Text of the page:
One of Wall Street's wisest admonishments is to avoid positioning one's investments contrary to Fed guidance or actions. After all, they are the only buyer or seller in the US with an unlimited supply of money for their purposes. Since the Great Recession our Federal Reserve has been bent and determined to stimulate employment, with few references to the inflation it might cause. In fact, they have been far more concerned with deflation than with the threat of too much money driving up prices.

One of today's hottest topics for people over 50 is Social Security; its viability and its potential to offer substantially more in benefits than the average retiree will see. Studies show that almost half of recipients receive just the minimum benefit, while less than 2% receive the maximum. The difference can be as high as $100,000 over a person's lifetime.

As financial advisors we are often asked, "how much cash should we set aside?" while others wonder, "why hold it at all, given such low returns relative to equities and fixed assets?" A proper answer to the second question requires a discussion of Modern Portfolio Theory - an involved topic for another day.  Today, we look at the question more fundamentally, in human terms. Cash means different things to different people.

Despite an overwhelming amount of evidence that passive investing over a lifetime generates far more wealth than active, hands on investing, most people still hold to their losing programs. It doesn't sound logical because it isn't. Logic has been overcome by the emotion of hope - the hope of winning big. Logic alone doesn't really have a chance, it is outgunned. For real progress, there has to be a third component.

In the last couple of Briefs we discussed Monte Carlo and how it can help a wise investor navigate the uncertainties that market swings create when they coincide with both large and small investment cash flows. We saw that wealth and lifestyle could be significantly impacted.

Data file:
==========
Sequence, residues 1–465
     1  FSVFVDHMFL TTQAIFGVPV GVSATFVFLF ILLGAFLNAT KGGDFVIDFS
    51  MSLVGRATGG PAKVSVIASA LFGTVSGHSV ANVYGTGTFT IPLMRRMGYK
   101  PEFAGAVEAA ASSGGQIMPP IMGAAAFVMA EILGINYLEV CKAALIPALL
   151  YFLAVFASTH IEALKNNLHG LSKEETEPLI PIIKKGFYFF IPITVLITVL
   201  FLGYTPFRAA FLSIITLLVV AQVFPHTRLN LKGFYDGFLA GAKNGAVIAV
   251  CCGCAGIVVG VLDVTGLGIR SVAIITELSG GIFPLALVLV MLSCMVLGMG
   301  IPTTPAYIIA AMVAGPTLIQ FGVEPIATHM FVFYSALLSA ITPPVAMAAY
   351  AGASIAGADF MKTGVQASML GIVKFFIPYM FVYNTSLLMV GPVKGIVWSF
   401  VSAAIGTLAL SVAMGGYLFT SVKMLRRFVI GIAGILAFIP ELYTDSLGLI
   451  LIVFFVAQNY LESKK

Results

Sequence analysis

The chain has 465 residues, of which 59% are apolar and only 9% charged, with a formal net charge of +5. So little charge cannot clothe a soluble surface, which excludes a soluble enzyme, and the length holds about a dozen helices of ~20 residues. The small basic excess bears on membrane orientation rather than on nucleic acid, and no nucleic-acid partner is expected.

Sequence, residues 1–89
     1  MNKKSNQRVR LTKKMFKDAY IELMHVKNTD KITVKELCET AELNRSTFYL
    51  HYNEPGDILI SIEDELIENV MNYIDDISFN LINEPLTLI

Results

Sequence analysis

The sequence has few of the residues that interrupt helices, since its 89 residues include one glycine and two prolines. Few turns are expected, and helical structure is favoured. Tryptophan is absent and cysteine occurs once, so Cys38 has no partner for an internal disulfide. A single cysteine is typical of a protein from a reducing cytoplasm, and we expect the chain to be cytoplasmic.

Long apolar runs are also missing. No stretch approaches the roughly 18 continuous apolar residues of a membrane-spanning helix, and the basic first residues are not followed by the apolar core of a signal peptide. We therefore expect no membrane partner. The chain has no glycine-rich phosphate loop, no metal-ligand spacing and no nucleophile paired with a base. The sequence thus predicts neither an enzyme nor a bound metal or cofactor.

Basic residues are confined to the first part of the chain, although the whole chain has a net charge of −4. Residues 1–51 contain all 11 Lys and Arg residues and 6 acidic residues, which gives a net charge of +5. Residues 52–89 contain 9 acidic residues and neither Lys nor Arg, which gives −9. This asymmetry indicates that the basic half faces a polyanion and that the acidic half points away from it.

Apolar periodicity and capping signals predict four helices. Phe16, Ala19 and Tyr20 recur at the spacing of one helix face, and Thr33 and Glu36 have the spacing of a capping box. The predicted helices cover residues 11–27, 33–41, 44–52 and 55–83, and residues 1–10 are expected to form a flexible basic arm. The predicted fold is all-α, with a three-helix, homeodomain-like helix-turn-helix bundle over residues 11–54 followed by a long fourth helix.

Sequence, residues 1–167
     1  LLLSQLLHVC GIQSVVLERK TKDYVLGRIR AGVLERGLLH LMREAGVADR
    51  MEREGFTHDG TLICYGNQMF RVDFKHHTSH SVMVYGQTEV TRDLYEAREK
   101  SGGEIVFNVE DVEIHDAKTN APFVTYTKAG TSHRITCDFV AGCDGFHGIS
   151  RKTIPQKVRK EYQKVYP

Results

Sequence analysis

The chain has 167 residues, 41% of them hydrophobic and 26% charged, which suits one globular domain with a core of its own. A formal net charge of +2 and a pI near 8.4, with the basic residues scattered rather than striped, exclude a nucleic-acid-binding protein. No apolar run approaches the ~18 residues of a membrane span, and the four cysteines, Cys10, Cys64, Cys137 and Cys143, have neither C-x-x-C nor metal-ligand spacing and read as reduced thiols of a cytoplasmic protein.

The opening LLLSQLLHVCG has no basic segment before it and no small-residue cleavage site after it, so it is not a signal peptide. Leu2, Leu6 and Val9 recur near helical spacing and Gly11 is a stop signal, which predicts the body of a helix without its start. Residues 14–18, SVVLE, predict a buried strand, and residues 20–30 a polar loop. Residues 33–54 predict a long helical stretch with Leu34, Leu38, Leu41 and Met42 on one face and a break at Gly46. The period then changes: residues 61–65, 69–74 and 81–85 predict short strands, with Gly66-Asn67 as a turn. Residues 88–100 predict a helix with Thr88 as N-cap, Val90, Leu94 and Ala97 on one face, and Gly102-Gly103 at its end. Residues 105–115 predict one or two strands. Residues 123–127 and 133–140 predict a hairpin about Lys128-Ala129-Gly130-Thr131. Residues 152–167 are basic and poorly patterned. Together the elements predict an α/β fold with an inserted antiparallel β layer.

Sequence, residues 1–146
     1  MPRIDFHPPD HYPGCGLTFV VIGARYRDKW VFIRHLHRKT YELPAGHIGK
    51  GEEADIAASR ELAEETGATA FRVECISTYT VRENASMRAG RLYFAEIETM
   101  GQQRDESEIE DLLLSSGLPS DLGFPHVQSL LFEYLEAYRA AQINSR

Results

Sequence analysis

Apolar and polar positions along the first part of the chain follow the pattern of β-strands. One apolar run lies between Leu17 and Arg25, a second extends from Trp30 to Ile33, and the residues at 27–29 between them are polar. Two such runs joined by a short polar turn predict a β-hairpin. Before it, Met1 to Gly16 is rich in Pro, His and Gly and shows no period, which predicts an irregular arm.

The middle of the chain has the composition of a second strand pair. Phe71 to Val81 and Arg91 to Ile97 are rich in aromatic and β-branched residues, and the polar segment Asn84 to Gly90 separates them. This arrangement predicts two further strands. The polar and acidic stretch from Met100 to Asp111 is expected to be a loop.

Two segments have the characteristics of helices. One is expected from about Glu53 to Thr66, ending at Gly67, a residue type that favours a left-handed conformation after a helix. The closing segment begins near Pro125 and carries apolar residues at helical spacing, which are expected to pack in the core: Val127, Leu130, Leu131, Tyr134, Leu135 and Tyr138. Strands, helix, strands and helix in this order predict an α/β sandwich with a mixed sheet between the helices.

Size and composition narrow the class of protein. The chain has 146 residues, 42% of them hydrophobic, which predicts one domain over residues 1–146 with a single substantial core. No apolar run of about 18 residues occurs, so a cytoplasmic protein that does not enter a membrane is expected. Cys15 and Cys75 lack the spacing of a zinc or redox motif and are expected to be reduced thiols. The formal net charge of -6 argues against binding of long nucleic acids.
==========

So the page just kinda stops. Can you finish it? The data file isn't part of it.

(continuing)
Here we are once again – 'out with the old and in with the new.' We know it as a time when the gyms, sidewalks, and trails fill beyond capacity with eager new exercisers, walkers, and cyclists. Sales of tobacco, liquor, and wine plummet. Our tables are crowded with fruits and vegetables and the fatty meats and sugary desserts have become scarce.

With their third swing at the plate the Commerce Department has increased their estimate of third quarter economic growth from 3.6 to 4.1%. The new estimate showed the gross domestic product, the broadest measure of all goods and services produced in the economy, expanding at the fastest pace since the fourth quarter of 2011 and the second-fastest since the recovery began in mid-2009, according to the WSJ.

Flying back from Rwanda earlier this week gave me hours (33 to be exact) of time to reflect on many things. When I completed notes from my meetings in Kigali, I spent some time looking ahead to next year and what we as investors might expect. While I'm usually optimistic, the logical conclusion seems to be pointing considerably more negative than positive. Odds are for a slow-down, maybe even the 'R' word.